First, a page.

Notes from Nippon: May-Jun 2014


During our recent Japan visits , we held discussions with policy-makers, private sector corporates and investors, academics and think tanks, alongside our participation in the Roundtable Japan conference.  We provide below summary highlights of our key observations following the trip:

The consensus on Abenomics: As we posited in November 2013 (for those who did not see the original presentation), the success of Abenomics is path-dependent, and policy credibility determines the path.  It seems as though the consensus is starting to acknowledge this path-dependency.  As such, even the numerous optimists seem aware of the asymmetrical tail risk associated with the first arrow (monetary). Concerns arise specifically when in regard to debt monetization and its impact upon perceived policy commitment. Optimists prevail among financial market players, though a minority of market economists are much more cautious.   As such, even the optimists are at least receptive to notes of caution, though are divided in their capability to model the risk.

Japanese policy-makers on the balance express confidence so far that the policy mix has demonstrated an unexpected degree of success so far (thanks to appreciation in risk asset markets) alongside the credibility boost offered by the (so far) uneventful implementation of the April consumption tax hike from 5% to 8%.

Why the current account hypothesis for USDJPY just isn’t useful
While watching overseas developments, policy-makers are now less concerned about forex levels than other factors influencing global markets.

Flows: foreign investors, Japanese firms M&A: I posited in 2012 that Japanese firms’ domestic M&A bears better return in subsequent years than overseas M&A.  As corporate Japan has started to take advantage of recovering risk appetite, low yields and yen strength to invest abroad, opinions on valuation of Japanese overseas acquisitions among listed firms have now begun to diverge substantially between foreign investors in listed Japanese stock and private equity/venture capitalists.

Academics emphasized the correct estimation of one particular factor, alongside the importance of BOJ forward guidance alongside lengthening maturities of BOJ bondholdings in the “qualitative” portion of QQE.

Tighter jobs and inflation: From a macro standpoint, the consumption tax hike appears to have lent firms additional pricing power, even as they face a looming skill shortage, particularly in the services sector.  It is possible that policy-makers might have over-estimated potential output, and hence economic slack.

Output gap: We have discussed at length the most appropriate measure of the Japanese output gap (for policymaking purposes) and posit that this measure is likely the most appropriate to consider as a monetary policy input.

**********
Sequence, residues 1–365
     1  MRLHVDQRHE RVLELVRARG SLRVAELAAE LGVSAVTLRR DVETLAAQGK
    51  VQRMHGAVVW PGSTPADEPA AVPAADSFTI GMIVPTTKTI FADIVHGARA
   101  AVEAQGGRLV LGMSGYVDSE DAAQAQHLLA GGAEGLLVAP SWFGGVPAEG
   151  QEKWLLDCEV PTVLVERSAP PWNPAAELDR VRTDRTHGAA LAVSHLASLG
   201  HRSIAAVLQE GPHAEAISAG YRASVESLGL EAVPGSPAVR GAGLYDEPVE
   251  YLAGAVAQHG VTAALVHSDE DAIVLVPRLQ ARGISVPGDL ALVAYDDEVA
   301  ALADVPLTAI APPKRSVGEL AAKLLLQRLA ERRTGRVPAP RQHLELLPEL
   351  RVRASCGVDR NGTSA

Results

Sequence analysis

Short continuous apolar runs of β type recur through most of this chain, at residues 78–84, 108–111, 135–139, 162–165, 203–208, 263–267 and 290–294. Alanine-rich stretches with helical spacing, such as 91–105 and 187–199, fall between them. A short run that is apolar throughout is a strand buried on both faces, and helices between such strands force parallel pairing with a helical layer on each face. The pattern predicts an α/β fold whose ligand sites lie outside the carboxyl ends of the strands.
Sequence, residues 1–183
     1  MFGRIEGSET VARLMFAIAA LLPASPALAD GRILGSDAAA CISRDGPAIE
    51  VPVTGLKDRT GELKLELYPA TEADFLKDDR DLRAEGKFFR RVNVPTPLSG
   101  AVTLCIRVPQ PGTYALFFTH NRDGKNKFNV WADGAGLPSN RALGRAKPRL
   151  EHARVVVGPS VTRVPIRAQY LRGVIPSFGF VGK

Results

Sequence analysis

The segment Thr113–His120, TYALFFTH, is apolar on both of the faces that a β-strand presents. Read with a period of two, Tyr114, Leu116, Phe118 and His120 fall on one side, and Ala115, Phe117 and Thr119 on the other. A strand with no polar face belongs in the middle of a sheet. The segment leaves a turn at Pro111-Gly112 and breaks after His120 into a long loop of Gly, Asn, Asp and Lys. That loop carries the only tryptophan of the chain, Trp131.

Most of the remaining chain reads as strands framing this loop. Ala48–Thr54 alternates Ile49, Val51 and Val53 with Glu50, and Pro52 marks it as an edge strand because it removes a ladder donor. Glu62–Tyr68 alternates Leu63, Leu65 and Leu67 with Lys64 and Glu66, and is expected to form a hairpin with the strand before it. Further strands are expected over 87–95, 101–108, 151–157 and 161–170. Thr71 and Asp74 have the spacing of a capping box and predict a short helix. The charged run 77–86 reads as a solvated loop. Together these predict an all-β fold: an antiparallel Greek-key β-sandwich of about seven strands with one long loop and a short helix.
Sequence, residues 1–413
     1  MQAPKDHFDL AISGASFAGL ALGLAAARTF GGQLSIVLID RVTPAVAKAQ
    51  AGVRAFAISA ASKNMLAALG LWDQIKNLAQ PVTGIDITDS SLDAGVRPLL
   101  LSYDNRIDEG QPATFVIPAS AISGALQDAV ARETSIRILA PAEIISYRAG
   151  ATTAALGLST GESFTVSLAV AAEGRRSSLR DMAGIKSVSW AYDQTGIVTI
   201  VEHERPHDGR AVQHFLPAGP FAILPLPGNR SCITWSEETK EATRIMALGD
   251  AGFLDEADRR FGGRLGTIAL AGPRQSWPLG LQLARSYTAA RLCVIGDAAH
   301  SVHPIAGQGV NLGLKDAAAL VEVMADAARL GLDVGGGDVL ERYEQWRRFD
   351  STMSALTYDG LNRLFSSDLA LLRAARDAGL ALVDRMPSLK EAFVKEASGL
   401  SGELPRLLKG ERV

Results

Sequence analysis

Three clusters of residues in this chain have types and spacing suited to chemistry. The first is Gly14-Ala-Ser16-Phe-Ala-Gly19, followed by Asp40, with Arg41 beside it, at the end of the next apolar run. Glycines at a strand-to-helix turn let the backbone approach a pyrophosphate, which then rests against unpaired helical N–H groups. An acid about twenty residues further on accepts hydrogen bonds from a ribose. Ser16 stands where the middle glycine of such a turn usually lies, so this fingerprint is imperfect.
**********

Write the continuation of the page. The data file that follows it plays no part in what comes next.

What really matters: focus on credibility amid uncertainty, expectations
Again, amid arguments regarding the pros and cons of Abenomics thus far, we noticed that many financial market players have once again brought into question the ability of private sector economists’ forecasts to provide new information on expectations (above and beyond those already contained within financial markets).  Surprisingly, academia weighed in strongly on one important issue upon which we remain fixated, namely how to handle the tail risk in the context of increasingly divergent potential outcomes.

One policy maker posed this question in regard to productivity in high-productivity tradable sectors.

We discovered while speaking to academics and BOJ researchers one series containing an historically significant expectations indicator, which might likely prove unexpectedly important in the BOJ’s policy decisions.


Structural reform and productivity:  Our own in-depth research of Japanese total factor productivity demonstrates the widening gap between the manufacturing and services sector (alongside one even greater sectoral gap).  This gap could be one of the greatest candidates for change, so long as recovery remains intact.  As one private equity investor points out, protecting under-performing sectors might have been wise in deflationary times (to keep unemployment from ballooning) though as reflation returns the need for productivity to restrain costs could present an argument for reform in the worst-performing sectors.

Actual measures of structural reform:  We also spoke to buy-side investors about the difficulties facing the scope rather than the likelihood of GPIF reform.  Likewise, one policymaker expressed similar doubts (on implementation rather than likelihood) of perhaps the most touted structural reform measure to date, agricultural reform.   The greater likelihood of realpolitik meanwhile returning to Japanese energy policy remains for us one potential upside factor.  Meanwhile, we presented a roadmap for greater female workforce participation and leadership with the objective of enhancing Japanese potential output.

Contact for in-depth analysis of Japanese total factor productivity by sector.